How to Walk the Labyrinth

One Christian approach to walking the labyrinth is based on the threefold path of Purgation, Illumination and Union.

Purgation: The journey inward. During this stage you let go of concerns, and empty and quiet the mind. Take your time.

Illumination: The time in the center. This is a time of openness and peacefulness; you experience, learn or receive what this unique moment offers. Take your time.

Union: The journey outward. You choose when to leave the center. The path out is that of becoming grounded and integrating the insight. It is being energized and making what was received manifest in the world.

There are three stages, but one path, and it is different for everyone and different each time you walk.

Palms Down, Palms Up

Palms down symbolizes release or letting go, while palms up indicates receiving.

Enter the labyrinth and walk to the center with palms down while centering your thoughts on letting go of conflict and concern.

Upon reaching the center, turn your palms up to be receptive to insight.

As you walk out of the labyrinth keep your palms up to receive strength and guidance to make your insights manifest. As you leave the labyrinth turn to face the center and bring your palms together for a prayerful end to your walk.

Other Approaches

Intentional walks: where you address a specific intention, issue or concern as you walk.

Intercessory walks: offer prayer for people or needs, perhaps praying for a different person at each turn on the path.

Meditative walks: meditate on a specific word or passage, or pray repetitively, such as the Jesus prayer (Lord, have mercy...) or the universal prayer for world peace (Let peace prevail on Earth).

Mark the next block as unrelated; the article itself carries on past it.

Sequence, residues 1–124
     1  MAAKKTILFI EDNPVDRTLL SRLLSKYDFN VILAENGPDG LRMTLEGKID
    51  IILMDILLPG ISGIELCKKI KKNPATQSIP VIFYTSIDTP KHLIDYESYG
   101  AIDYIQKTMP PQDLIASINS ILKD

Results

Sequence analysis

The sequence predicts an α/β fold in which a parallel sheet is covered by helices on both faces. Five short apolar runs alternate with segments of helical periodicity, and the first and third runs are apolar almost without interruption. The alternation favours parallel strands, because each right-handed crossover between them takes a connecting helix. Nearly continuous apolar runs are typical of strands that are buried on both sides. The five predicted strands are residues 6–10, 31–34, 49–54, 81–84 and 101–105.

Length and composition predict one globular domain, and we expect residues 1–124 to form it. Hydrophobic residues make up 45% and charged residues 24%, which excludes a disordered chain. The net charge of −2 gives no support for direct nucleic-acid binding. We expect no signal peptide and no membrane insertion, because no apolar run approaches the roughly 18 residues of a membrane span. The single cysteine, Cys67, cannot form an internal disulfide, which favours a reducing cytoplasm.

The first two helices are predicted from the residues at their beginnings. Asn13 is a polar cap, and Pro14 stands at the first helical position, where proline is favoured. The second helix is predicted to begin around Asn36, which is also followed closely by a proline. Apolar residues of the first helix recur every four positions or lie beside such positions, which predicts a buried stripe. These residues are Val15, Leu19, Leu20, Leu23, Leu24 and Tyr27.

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St. Paul's Labyrinth

St. Paul's labyrinth is a Classic Seven Labyrinth, a simple design often called the 'Cretan,' referring to the design found on ancient coins on the Island of Crete. It is also the oldest style, found in many cultures as early as 1500 BCE. Actual usage theories vary depending on the time and culture. Its distinguishing features are: 7 circuits, and egg-like shape and the turns are in the lower part of the labyrinth. Unlike a maze, the labyrinth is unicursal, having a single path leading to the center with no loops, cul-de-sacs or forks. They all share the basic features of an entrance or mouth, a single circuitous path and a center or goal.

Medieval Christians visited Chartres and other cathedrals and walked the labyrinth as an alternative to taking a hazardous pilgrimage to Jerusalem to walk in the footsteps of Christ. Modern 'pilgrims' walk the labyrinthine path as one of many tools to enhance prayer, contemplation, meditation and/or other personal growth.

Labyrinths are used by modern mystics to help achieve a contemplative state. Walking among the turnings, one loses track of direction and of the outside world, and thus quiets his/her mind. The result is a relaxed mental attitude, free of internal dialog - perfect for listening to the small, still voice of God.

To walk the labyrinth, begin by setting the environment. At organized walks, your facilitator prepares by perhaps selecting music and saying opening prayers. Set your personal environment by dropping your 'physical baggage' such as key chains, pocket change, cell phones, watches and dangling jewelry. We suggest you remove watches to remove the temptation to measure your progress chronologically. Enjoy the sounds of the outdoors and experience a walk (barefoot, maybe?) on our labyrinth. You are welcome to walk the labyrinth at St. Paul's whenever you would like.